Join Justin Reznick for an in-depth discussion in this video Reviewing some of the Canon camera options, part of Performance Tuning Your Canon Digital SLR.
- In this course, we're gonna use three Canon full-frame bodies to demonstrate how to optimize your Canon camera in the field. First up, we have the Canon 5D Mark III. This is a 22.3 megapixel body that came out in 2012. Now, it's still incredibly popular, and I see more of these on my workshops than any other Canon camera. It's a great all around system. Autofocus is fantastic, and it's used for all sorts of different things, from weddings, portraiture, landscapes, the works.
Next up is the Canon 6D. This is a more budget-conscious full-frame camera. 20.2 megapixels. The 6D has a slightly less robust autofocus system, which makes it great for landscapes, and it's why I've been using it for the last couple years. I also get to show off the brand new, 50 megapixel 5DS, or 5DSR. This body just came out in the summer. It's an exciting new entry in the Canon line, and there are some new features I can't wait to share with you.
Now, if you happen to own a crop-censored Canon body, like the newest Rebel, or a Canon 70D, or a 70 Mark II, for example, the menu systems are very consistent throughout the Canon line. So the videos that we're going to demonstrate for you today are gonna really be applicable to any Canon model. All right. We're gonna start off with back button focus, something that I love to show every client that I have, and something you can do with not only a Canon, but any camera that you have. All right. Let's get started.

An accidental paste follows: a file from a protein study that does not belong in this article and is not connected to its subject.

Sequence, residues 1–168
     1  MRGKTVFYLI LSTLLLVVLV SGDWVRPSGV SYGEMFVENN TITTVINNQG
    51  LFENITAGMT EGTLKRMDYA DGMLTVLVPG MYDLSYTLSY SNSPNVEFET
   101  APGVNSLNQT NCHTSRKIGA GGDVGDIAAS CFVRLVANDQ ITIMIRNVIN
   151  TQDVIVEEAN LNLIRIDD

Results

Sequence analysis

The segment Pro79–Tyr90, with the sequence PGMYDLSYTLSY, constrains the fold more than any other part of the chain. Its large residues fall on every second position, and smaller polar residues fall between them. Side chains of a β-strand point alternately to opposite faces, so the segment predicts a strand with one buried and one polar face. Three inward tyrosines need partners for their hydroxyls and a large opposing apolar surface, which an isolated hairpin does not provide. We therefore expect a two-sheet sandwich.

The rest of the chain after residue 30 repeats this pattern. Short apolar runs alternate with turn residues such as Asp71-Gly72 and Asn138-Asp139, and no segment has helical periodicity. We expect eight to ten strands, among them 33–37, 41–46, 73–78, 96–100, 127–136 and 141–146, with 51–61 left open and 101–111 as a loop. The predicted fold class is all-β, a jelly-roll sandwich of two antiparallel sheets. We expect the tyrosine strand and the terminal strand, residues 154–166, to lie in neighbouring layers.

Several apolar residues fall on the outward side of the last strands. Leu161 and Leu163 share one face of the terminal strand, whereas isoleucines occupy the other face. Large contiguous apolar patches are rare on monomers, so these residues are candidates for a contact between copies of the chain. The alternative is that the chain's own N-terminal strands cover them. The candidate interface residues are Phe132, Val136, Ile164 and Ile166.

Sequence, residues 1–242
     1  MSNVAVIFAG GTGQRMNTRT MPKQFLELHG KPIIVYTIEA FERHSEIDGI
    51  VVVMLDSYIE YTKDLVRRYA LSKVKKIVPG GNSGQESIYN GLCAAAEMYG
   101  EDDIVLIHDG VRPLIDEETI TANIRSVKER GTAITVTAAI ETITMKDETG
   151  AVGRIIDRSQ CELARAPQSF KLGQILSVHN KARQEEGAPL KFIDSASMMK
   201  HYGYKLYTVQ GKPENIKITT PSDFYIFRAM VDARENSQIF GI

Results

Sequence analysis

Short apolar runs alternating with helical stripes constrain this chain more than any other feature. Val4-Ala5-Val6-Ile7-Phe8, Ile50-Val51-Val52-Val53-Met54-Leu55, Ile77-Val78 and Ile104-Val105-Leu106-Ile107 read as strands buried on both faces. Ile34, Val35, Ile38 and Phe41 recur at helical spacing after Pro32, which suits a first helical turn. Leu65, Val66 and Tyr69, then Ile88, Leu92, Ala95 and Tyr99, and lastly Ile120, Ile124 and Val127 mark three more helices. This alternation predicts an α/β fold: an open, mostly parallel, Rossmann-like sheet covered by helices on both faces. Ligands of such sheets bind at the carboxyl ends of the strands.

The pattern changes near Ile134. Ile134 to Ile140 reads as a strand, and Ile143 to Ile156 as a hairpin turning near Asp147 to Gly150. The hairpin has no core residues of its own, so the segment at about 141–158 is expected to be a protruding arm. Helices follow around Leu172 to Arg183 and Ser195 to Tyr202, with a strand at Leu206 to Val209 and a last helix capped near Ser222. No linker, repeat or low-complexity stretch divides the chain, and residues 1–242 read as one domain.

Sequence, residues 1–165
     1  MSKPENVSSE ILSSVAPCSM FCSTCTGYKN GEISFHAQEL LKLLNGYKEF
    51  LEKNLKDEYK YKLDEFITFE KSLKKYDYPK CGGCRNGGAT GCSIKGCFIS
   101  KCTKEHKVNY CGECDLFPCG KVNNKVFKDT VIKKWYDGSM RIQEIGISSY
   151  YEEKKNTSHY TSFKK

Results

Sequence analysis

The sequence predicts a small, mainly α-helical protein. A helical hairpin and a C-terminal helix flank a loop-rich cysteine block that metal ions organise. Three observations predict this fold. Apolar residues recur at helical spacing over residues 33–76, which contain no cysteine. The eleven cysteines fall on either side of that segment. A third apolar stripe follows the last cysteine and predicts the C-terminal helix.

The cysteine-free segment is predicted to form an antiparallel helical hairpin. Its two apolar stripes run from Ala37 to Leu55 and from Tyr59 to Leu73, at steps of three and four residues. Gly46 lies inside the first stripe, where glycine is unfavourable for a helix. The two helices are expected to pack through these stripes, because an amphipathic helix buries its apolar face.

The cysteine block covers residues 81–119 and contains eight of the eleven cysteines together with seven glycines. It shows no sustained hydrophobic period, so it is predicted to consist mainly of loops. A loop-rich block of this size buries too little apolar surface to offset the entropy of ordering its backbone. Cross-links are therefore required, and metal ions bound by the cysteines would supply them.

In this course, photographer and educator Justin Reznick demonstrates a set of customizing strategies aimed at making a Canon DSLR far more responsive and effective. That way, you can focus on composition and artistic expression, and let your Canon handle the rest.
- Maximizing Live View
- Configuring Drive mode
- Working with bracketed settings
- Creating custom menus
- Configuring card slots in a multiformat camera
- Working with autofocus in the viewfinder